CALIFORNIA | LOCAL
May 3, 1988
Stephen Trott, a top-level Justice Department official and former U.S. attorney in Los Angeles, has been sworn in as the newest judge on the U.S. 9th Circuit Court of Appeals. Trott, who also served as a chief deputy district attorney in Los Angeles, was confirmed by the Senate on March 24 to become the 25th active judge on the circuit, which covers nine western states. Trott, 48, has for the past 18 months been associate attorney general, the No. 3 position in the Justice Department.
BUSINESS
April 4, 2009 | Ronald D. White
The U.S. 9th Circuit Court of Appeals on Friday revived a class-action lawsuit accusing Arco, Chevron and several other refiners of conspiring to fix gasoline prices during the mid-1990s. But the same panel expressed doubt that the plaintiffs would be able to prove their case. The ruling stems from a suit filed by William O. Gilley on behalf of other wholesale buyers of the cleaner-burning fuel that since 1996 has been required in California.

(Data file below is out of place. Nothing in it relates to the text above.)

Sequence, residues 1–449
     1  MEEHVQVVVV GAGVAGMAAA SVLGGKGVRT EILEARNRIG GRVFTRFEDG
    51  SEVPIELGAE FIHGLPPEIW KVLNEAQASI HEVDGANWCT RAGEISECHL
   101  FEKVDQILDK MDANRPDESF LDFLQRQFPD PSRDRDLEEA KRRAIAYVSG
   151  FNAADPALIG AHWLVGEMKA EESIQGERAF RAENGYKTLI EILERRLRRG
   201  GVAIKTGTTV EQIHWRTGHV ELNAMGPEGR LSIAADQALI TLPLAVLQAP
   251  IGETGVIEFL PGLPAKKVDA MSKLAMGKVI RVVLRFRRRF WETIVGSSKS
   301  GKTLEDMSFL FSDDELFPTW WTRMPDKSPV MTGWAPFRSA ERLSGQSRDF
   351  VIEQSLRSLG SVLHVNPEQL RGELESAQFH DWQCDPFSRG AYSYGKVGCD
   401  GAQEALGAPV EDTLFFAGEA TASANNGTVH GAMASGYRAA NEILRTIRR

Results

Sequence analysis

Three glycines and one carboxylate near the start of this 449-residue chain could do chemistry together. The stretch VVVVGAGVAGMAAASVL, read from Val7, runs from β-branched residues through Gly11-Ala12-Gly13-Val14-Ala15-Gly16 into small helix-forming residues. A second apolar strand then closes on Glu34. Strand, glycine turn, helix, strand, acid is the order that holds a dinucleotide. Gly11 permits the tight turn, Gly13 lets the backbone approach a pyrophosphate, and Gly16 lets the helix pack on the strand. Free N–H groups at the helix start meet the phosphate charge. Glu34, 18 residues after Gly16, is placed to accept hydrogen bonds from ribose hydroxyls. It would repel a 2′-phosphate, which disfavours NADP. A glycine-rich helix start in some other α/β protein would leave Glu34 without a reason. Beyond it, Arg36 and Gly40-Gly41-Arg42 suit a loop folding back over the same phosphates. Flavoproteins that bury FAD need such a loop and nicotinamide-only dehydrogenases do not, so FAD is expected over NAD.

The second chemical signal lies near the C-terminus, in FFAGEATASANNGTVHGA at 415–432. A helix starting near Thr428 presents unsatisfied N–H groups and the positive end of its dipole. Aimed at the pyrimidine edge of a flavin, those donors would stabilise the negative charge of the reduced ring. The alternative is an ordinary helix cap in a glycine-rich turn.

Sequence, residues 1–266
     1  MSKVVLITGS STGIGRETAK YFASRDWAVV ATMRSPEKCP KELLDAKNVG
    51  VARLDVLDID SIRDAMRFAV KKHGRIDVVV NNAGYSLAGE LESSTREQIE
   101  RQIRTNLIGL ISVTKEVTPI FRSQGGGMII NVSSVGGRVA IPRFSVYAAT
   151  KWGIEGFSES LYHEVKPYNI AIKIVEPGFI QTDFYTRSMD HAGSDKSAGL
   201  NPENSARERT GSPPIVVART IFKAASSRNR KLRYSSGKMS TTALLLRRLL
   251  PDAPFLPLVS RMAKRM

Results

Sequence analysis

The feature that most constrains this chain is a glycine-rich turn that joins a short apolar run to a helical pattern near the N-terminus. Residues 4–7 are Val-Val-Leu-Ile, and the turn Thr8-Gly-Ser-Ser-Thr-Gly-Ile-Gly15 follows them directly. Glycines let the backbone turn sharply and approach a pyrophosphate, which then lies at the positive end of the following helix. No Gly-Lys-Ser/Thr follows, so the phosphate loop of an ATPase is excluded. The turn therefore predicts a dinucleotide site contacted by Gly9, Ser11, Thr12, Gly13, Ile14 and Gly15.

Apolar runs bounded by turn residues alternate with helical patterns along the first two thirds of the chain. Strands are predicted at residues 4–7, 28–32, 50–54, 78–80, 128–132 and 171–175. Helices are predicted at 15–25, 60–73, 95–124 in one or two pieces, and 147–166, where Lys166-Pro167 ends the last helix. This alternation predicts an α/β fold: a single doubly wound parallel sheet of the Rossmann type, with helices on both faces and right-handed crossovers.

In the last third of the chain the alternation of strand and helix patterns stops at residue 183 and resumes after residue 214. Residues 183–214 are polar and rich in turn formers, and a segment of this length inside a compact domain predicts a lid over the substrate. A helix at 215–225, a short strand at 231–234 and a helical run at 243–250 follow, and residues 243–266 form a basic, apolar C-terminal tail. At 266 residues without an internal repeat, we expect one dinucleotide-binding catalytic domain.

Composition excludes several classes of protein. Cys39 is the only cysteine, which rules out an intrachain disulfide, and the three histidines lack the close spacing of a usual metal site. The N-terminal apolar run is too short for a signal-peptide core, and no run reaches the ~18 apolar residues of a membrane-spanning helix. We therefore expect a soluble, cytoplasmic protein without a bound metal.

NEWS
January 14, 1986 | RONALD L. SOBLE, Times Staff Writer
A government prosecutor stung by a recent appellate court decision on Monday told a federal judge in Los Angeles that stepped-up efforts to curtail profiteering by drug traffickers would be defeated unless the government's basic law to control money laundering made individuals just as culpable as financial institutions. "Every (money laundering) conviction of the past few years (could) be gutted and rendered meaningless," Brian A. Sun, an assistant U.S. attorney, told U.S.
CALIFORNIA | LOCAL
May 3, 1988